For a few years, EWP remained a small part of the offer, but that was soon to change, as was the way the company operated: Judy focused on the import operations including due diligence while Norm concentrated on sales and marketing.

In 1990, Tilling opened its Newcastle/Carrington Wharf bulk receiving yard and in 1993, Willamette Industries bought out the Bohemia Lumber company, inheriting the existing supply agreement to supply Tilling with Douglas fir and glulam. The following year, Tilling became the exclusive distributor of Willamette LVL and I-joist and the year after that, the company launched the SmartFrame brand.

1995 was also the year that national engineering manager Craig Kay joined Tilling Timber, along with a small team of detailers, offering floor system estimating with the then newly created SmartFrame design software. “Fast-forward nearly 30 years and we now have 33 detailers and three engineers across Vietnam, Brisbane and Melbourne, with over 26,000 design requests resulting in some. 14,000 unique designs per year,” says Glenn. “It’s the largest design service of its type for the Australian market.”

By 1999, the Portland shipping office was no longer needed as the market had shifted so strongly away from precut Oregon towards EWP. The year after it was closed, Tilling was appointed exclusive distributor of FinnForest LVL for Australia, where it sold under the SmartFrame brand. A year later in 2001 Tilling became the east coast distributor of Wesbeam LVL, which was also made under the SmartFrame brand.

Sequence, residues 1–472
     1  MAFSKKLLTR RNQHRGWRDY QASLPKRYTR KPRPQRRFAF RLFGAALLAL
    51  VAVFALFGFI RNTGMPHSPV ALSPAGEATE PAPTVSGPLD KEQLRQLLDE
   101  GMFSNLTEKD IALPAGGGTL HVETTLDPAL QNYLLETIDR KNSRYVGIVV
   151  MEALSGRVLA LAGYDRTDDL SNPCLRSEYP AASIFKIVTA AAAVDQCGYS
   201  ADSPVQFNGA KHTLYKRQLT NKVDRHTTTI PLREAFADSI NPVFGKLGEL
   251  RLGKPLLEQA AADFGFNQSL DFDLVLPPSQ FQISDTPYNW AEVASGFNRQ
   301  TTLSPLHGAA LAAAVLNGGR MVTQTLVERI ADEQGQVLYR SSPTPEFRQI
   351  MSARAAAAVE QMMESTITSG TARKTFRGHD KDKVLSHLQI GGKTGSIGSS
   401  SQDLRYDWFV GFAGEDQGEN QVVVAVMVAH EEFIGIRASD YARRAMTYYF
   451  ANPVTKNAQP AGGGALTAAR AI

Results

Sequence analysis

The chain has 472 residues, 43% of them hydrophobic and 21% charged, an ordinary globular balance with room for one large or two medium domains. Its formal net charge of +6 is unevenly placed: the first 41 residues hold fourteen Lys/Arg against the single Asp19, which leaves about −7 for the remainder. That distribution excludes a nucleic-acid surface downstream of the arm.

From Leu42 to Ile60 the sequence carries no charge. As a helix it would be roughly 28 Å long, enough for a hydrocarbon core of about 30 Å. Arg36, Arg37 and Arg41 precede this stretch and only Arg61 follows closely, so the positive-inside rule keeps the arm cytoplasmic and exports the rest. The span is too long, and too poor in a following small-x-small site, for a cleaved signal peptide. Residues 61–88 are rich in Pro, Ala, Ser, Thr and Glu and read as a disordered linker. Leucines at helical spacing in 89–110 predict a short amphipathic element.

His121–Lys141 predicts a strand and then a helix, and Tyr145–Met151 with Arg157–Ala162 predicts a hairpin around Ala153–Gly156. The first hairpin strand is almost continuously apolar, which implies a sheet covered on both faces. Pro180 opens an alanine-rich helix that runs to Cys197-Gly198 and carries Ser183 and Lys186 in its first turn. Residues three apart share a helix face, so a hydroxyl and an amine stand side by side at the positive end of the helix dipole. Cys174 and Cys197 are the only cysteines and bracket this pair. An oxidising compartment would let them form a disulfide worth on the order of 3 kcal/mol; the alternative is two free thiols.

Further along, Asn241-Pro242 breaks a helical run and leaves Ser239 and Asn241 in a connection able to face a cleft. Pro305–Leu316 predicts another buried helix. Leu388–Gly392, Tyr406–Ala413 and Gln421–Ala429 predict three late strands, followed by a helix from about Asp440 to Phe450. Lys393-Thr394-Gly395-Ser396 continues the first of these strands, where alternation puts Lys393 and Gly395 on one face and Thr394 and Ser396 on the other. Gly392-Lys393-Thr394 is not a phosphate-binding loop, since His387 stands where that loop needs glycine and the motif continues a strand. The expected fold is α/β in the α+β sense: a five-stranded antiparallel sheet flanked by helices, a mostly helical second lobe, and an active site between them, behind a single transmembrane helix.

Not every New Year began with a high point. In January 2002, American timber giant Weyerhaeuser signed a merger deal with Willamette Industries and Norm and Judy were unable to secure ongoing distribution. Undeterred, the Tillings went to Seattle to meet with Pacific Wood Tech who went on to become the company’s major EWP supplier for the next two decades. That same year, Tilling signed an exclusive distribution agreement with Nelson Pine LVL.

If 2002 began with a problem, 2003 ended with a catastrophe. On New Year’s Eve a huge fire raged through the Kilsyth facility, destroying the office and moulding mill and causing some $5 million in damage. More than 130 firefighters and 43 appliances were needed to put it out and the fire cut local electricity and robbed the suburbs of Kilsyth and Montrose of drinking water for the following couple of days.

Yet true to form, Norm, Judy and Tilling Timber bounced back. On 1 December 2005, then Premier of Victoria Steve Bracks opened the new and improved offices and the adjoining (and fully sprinklered) warehouse at Kilsyth.

“The years after the fire heralded new accomplishments,” Glenn says. “We launched a series of new products, moved into Perth, celebrated our 50-year anniversary and opened in Adelaide, where we quickly outgrew our original site and relocated to an old Holden car seat factory.”

Glenn says they were a series of very good years, adding that in 2017, Richmond even managed to win the AFL Grand Final!


Then in October 2019, Norm had a life-threatening stroke. He survived, but immediately retired from his active roles in the business. Judy stepped back with him, but has continued to provide the wider industry with the benefits of her expertise on issues around importation, supply and market changes.